Making Sure Hard Work Pays Off
“Michelle and I want every child to have the same chance this country gave us. But we know our opportunity agenda won’t be complete—and too many young people entering the workforce today will see the American Dream as an empty promise—unless we do more to make sure our economy honors the dignity of work, and hard work pays off for every single American.”
—President Barack Obama, 2014 State of the Union Address
In this year’s State of the Union Address, the President touched on a number of Administration initiatives intended to help more Americans enter and succeed in today’s technology-driven workforce. Chief among them is “an across-the-board reform of America’s training programs,” to be led by Vice President Biden. The President’s goal is to ensure that all of these programs “have one mission; train Americans with the skills employers need, and match them to good jobs that need to be filled right now.”
President Obama’s call to address our country’s growing “skills gap”—the imbalance between workers’ skills and open jobs—is both timely and urgent. The U.S. unemployment rate continues to stubbornly hover around 7% despite an estimated 4 million job openings; a recent IMF study suggests that fully one-third of the U.S. unemployment rate is due to this skills gap.
Jobs for the Future is working on a number of fronts to help address this challenge. JFF was recently selected as one of the national partners for New Skills at Work, a global initiative of JPMorgan Chase designed to support demand-driven skills training. To support effective planning, JFF will be leading efforts to identify and report on workforce readiness gaps in a number of U.S. metropolitan markets. Within several of these markets, JFF will also be working to design comprehensive regional education and training systems that clearly align postsecondary programs with in-demand jobs to give workers the skills needed by local employers.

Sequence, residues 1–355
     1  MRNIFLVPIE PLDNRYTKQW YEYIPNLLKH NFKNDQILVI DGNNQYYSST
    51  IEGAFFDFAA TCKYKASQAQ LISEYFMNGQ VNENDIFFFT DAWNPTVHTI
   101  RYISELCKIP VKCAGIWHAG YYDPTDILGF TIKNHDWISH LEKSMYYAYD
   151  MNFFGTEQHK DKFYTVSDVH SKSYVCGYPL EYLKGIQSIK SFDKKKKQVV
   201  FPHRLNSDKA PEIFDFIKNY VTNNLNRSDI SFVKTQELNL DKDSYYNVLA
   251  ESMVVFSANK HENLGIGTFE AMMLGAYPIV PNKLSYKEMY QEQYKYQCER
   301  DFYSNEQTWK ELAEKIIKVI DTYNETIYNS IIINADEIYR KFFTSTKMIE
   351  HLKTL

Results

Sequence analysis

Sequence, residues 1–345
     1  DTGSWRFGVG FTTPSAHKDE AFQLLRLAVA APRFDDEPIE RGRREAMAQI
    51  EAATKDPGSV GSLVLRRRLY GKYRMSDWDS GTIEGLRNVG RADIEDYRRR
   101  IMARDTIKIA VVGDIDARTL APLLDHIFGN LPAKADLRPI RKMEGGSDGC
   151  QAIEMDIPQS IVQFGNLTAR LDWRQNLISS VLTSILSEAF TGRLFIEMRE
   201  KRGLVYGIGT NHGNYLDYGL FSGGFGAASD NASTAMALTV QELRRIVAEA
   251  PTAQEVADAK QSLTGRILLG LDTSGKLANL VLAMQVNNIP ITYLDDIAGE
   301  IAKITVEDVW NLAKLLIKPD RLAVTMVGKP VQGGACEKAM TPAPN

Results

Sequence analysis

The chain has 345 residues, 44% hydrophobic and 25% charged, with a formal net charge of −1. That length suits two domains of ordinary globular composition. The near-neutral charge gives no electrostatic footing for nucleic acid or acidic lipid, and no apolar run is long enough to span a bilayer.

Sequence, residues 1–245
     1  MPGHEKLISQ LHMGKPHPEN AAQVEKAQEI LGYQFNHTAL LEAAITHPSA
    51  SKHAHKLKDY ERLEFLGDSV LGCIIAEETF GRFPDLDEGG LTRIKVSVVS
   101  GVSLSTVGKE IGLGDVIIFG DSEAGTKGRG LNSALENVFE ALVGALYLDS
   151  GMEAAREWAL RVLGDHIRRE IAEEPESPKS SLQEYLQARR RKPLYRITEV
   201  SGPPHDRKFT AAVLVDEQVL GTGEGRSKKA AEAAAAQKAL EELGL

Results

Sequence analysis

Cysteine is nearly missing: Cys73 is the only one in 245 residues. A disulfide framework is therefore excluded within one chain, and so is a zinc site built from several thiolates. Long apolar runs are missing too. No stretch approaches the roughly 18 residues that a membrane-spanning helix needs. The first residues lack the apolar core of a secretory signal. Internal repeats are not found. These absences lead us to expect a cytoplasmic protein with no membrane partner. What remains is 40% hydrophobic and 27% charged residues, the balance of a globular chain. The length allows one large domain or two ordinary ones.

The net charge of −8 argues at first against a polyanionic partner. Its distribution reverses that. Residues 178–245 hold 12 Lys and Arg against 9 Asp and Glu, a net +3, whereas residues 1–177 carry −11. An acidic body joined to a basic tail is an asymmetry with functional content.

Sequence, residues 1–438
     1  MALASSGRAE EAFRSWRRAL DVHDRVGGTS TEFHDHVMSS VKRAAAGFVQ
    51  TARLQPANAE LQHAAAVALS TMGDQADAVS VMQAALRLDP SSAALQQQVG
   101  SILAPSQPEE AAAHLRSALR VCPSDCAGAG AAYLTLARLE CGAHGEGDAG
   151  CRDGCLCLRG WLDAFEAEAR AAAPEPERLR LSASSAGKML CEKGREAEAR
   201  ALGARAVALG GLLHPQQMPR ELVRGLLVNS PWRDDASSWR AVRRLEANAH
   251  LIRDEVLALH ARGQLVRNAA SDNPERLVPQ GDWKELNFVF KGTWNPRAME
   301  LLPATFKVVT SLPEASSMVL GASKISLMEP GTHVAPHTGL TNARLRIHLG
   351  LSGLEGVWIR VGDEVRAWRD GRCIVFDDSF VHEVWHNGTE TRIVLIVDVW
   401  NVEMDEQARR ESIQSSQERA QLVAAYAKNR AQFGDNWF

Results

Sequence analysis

Another JFF initiative, the Pathways to Prosperity State Network—a collaboration of nine states, JFF, and the Harvard Graduate School of Education—seeks to ensure that many more young people complete high school, attain a postsecondary credential with currency in the labor market, and get launched on a career while leaving open the prospect of further education. State and regional stakeholders from across education, business, and government lead the work in each Pathways state with the long-term goal of creating statewide systems of grades 9-14 career pathways.
We applaud the President’s commitment to ensuring that our country’s training programs effectively equip workers with the skills that can get them well-paying jobs and put them on the path to successful careers. Jobs for the Future stands ready to assist the Administration in this critical effort.